Little 18-month-old toddler suffers kidney failure after eating seagull droppings

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Little 18-month-old toddler is rushed to hospital suffering from kidney failure after eating seagull droppings while playing in his garden

  • Jaydon Pritchard, from Anglesey, rushed to hospital by ambulance after falling ill
  • Medics put him on a dialysis machine and he received three blood transfusions 
  • His mystery illness was eventually identified by a specialist team in Liverpool  

An 18-month-old boy suffered kidney failure after he ate seagull droppings while playing in his garden.

Jaydon Pritchard, from Amlwch in Anglesey, was rushed to hospital by ambulance after his grandparents heard him making a ‘horrible noise’ and saw he was having a ‘fit’.

After arriving in hospital he was hooked up to a dialysis machine and received three blood transfusions, and is now ‘much better, but still not out of the woods’, family say.

Jaydon Pritchard, from Amlwch in Anglesey, was rushed to hospital by ambulance after his grandparents heard him making a 'horrible noise' and saw he was having a 'fit'

Jaydon Pritchard, from Amlwch in Anglesey, was rushed to hospital by ambulance after his grandparents heard him making a ‘horrible noise’ and saw he was having a ‘fit’

The traumatic ordeal began on Tuesday, April 6, when Jaydon was taken to see a doctor after feeling unwell for the previous couple of days.

The doctor referred Jaydon to the local Ysbyty Gwynedd hospital where he was later discharged after his family were told that he was suffering from a mystery ‘virus’.

His grandfather, Arwel Pritchard, said Jaydon ‘didn’t do anything apart from sleep and be sick’ the next day until later on in the evening, when they heard a ‘horrible noise coming from his cot’.

‘He was having a fit, so we called for an ambulance straight away,’ said Mr Pritchard.

‘He had another fit before the ambulance arrived and another three fits on the way to the hospital. It was like he was looking through you. He didn’t recognise anyone.

‘There was a point where we really thought we were going to lose him. It was horrific.’

After being rushed to hospital for a second time, a team from Alder Hey Children’s Hospital in Liverpool were sent to pick up Jaydon within a few hours.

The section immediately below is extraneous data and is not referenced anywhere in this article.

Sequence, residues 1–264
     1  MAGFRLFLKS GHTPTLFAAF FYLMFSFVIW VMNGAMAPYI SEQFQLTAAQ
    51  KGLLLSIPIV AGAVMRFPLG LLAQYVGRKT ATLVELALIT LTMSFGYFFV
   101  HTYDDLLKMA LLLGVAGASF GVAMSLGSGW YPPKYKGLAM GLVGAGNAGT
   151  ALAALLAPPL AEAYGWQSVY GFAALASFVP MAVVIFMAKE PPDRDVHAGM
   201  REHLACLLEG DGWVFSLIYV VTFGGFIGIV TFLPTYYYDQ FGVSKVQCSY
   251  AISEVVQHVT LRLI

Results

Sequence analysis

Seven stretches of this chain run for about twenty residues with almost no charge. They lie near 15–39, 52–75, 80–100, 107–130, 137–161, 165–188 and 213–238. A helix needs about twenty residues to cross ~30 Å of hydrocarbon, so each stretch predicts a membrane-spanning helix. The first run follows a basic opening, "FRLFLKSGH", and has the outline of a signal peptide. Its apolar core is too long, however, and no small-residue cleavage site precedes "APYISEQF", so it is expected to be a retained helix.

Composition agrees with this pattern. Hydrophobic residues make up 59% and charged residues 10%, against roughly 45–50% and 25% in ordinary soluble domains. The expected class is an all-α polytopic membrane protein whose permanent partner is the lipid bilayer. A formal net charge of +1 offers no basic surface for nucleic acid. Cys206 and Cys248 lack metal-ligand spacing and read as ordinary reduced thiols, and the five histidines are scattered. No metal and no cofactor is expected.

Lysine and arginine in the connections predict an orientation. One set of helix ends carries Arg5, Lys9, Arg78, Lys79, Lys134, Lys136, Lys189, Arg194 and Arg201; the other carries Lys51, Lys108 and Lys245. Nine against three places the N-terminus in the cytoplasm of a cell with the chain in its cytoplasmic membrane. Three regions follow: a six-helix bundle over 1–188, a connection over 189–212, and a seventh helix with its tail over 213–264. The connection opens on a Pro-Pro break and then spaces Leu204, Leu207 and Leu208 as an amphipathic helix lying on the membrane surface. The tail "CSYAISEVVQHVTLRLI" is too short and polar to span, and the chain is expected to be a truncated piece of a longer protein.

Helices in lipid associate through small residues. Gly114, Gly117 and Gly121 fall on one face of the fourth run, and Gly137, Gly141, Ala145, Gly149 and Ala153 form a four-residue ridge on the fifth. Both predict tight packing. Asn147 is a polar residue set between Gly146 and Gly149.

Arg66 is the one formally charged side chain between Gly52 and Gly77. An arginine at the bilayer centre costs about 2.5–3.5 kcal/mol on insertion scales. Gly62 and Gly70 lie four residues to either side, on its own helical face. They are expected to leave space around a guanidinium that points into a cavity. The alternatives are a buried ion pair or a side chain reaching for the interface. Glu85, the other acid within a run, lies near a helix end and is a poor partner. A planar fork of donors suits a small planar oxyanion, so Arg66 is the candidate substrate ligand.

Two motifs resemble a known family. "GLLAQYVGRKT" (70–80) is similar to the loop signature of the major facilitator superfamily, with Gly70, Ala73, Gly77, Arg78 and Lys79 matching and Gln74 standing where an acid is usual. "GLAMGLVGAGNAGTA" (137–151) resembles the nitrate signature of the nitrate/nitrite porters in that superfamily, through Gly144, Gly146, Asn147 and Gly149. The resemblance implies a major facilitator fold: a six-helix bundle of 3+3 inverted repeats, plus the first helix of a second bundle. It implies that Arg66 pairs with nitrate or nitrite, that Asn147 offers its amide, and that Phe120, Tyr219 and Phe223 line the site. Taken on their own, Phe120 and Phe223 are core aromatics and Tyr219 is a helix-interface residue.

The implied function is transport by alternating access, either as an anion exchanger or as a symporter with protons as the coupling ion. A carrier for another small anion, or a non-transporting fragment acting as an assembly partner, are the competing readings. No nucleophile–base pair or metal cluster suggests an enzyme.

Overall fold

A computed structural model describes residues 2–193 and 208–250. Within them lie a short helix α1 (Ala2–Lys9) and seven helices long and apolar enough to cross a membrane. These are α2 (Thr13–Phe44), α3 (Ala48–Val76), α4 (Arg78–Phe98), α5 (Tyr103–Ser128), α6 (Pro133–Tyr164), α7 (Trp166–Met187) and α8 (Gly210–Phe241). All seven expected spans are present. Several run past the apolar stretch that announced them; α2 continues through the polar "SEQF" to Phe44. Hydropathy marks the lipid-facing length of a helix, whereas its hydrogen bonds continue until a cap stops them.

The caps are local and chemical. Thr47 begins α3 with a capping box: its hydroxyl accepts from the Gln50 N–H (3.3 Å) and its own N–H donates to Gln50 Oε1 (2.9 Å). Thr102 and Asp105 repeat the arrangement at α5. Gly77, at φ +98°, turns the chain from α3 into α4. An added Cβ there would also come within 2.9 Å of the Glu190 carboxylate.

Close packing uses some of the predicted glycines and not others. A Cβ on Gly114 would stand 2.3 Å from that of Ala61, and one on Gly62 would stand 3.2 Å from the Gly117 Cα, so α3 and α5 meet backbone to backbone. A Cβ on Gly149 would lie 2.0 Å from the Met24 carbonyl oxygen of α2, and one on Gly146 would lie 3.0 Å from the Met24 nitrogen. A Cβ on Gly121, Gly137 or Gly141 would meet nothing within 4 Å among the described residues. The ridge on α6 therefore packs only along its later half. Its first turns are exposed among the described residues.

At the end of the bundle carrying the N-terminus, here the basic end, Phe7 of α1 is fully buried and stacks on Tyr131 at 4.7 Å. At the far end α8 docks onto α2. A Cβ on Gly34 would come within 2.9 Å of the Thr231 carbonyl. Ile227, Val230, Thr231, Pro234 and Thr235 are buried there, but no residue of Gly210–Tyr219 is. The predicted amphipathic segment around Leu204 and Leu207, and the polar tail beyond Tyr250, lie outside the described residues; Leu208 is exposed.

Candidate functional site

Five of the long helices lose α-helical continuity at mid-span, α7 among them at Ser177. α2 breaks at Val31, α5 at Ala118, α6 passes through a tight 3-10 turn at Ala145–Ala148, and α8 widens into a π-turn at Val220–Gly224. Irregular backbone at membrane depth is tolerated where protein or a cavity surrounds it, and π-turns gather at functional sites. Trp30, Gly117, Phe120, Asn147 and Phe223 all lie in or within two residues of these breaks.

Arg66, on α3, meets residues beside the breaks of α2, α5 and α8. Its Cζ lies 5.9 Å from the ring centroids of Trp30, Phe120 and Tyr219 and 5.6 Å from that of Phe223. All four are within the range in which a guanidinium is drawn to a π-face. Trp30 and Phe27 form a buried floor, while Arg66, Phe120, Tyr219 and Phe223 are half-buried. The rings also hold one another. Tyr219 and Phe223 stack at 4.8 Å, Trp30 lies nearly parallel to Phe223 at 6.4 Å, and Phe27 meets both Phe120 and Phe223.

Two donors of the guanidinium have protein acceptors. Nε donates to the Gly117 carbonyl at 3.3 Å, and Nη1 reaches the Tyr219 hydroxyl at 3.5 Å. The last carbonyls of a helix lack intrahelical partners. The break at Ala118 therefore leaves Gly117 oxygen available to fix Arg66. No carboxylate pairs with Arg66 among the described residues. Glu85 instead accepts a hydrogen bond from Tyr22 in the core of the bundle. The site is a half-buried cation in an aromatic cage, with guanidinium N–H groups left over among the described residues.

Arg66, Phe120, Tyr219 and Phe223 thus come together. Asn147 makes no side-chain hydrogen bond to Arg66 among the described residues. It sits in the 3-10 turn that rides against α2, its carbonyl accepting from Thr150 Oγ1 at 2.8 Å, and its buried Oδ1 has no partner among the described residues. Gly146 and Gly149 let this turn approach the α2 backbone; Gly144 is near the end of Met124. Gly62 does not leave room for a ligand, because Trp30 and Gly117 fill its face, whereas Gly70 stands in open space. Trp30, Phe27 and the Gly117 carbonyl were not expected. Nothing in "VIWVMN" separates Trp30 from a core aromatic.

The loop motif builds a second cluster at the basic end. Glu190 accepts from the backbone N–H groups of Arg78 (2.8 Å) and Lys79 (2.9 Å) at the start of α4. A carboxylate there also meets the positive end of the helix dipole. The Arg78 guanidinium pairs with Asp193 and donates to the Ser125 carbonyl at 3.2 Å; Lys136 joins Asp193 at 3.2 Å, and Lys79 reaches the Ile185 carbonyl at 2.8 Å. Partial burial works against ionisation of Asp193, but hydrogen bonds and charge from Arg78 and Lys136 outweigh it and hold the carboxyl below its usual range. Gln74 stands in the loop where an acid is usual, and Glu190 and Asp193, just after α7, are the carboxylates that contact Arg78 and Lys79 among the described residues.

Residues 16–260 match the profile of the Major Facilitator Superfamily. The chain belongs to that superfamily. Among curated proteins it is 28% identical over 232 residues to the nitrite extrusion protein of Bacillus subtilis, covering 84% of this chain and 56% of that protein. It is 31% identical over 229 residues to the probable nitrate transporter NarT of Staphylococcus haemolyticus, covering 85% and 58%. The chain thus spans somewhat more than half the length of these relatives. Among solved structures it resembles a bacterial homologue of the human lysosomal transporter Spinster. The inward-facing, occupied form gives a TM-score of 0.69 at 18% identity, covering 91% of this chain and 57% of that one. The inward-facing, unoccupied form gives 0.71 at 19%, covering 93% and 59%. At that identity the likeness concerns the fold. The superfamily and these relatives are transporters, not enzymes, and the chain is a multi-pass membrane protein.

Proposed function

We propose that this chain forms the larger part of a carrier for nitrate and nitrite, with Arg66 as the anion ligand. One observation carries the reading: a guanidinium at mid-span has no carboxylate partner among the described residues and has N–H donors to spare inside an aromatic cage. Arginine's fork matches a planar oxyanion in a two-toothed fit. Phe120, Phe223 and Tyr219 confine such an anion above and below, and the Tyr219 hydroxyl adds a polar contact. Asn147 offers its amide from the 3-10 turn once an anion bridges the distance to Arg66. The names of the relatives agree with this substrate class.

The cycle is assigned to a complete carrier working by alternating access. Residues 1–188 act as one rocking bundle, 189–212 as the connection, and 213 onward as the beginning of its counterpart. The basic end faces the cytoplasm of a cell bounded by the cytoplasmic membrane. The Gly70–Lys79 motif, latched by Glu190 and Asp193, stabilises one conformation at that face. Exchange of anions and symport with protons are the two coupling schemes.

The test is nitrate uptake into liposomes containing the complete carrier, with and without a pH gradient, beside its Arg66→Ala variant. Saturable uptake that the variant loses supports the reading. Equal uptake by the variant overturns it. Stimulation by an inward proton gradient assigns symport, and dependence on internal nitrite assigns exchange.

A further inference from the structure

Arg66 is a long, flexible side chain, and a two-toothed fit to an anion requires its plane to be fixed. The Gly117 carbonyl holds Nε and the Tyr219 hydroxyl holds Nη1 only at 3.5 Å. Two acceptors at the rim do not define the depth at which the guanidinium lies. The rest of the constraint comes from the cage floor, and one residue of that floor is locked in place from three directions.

He was hooked up to a dialysis machine and received three blood transfusions during his 19-day stay at the children’s hospital.

After arriving in hospital he was hooked up to a dialysis machine and received three blood transfusions, and is now 'much better, but still not out of the woods’ (he is seen in hospital with his mother, Tiffany)

After arriving in hospital he was hooked up to a dialysis machine and received three blood transfusions, and is now ‘much better, but still not out of the woods’ (he is seen in hospital with his mother, Tiffany)

It was only after Jaydon was examined by the specialist team that the cause of his illness was identified.

‘The doctors diagnosed him with kidney failure and told us that he had E. coli poisoning from having ingested the seagull faeces,’ said Mr Pritchard.

‘We were fearing the worst at the time, seeing his little body hooked up to the dialysis machine and his face turned yellow.’

The ordeal has been ‘traumatising’ for the family, although Jaydon is doing ‘much better now than what he was a couple of weeks ago’.

Jaydon’s grandparents live with him at their home in Anglesey with his mother Tiffany.

Jaydon faces a series of visits to hospital over the coming weeks before he is taken to Alder Hey again for another check-up

Jaydon faces a series of visits to hospital over the coming weeks before he is taken to Alder Hey again for another check-up

The boy’s grandmother, Christine, said she was ‘apprehensive’ over leaving him in the garden again.

‘I clean the patio every day, but it’s difficult because the seagulls are nesting nearby and it’s a constant mess to clean up,’ she said.

‘Poor Jaydon is on all sorts of medications now, we just hope that he’s not suffered any permanent issues. He’s still not himself, he’s still quite grey, but he’s getting there slowly.

‘Young children are constantly putting things in their mouth and we hope that this ordeal can serve as reminder for parents and guardians to make sure that their children are playing in a safe environment, particularly when they’re outside.’

Jaydon faces a series of visits to hospital over the coming weeks before he is taken to Alder Hey again for another check-up. 

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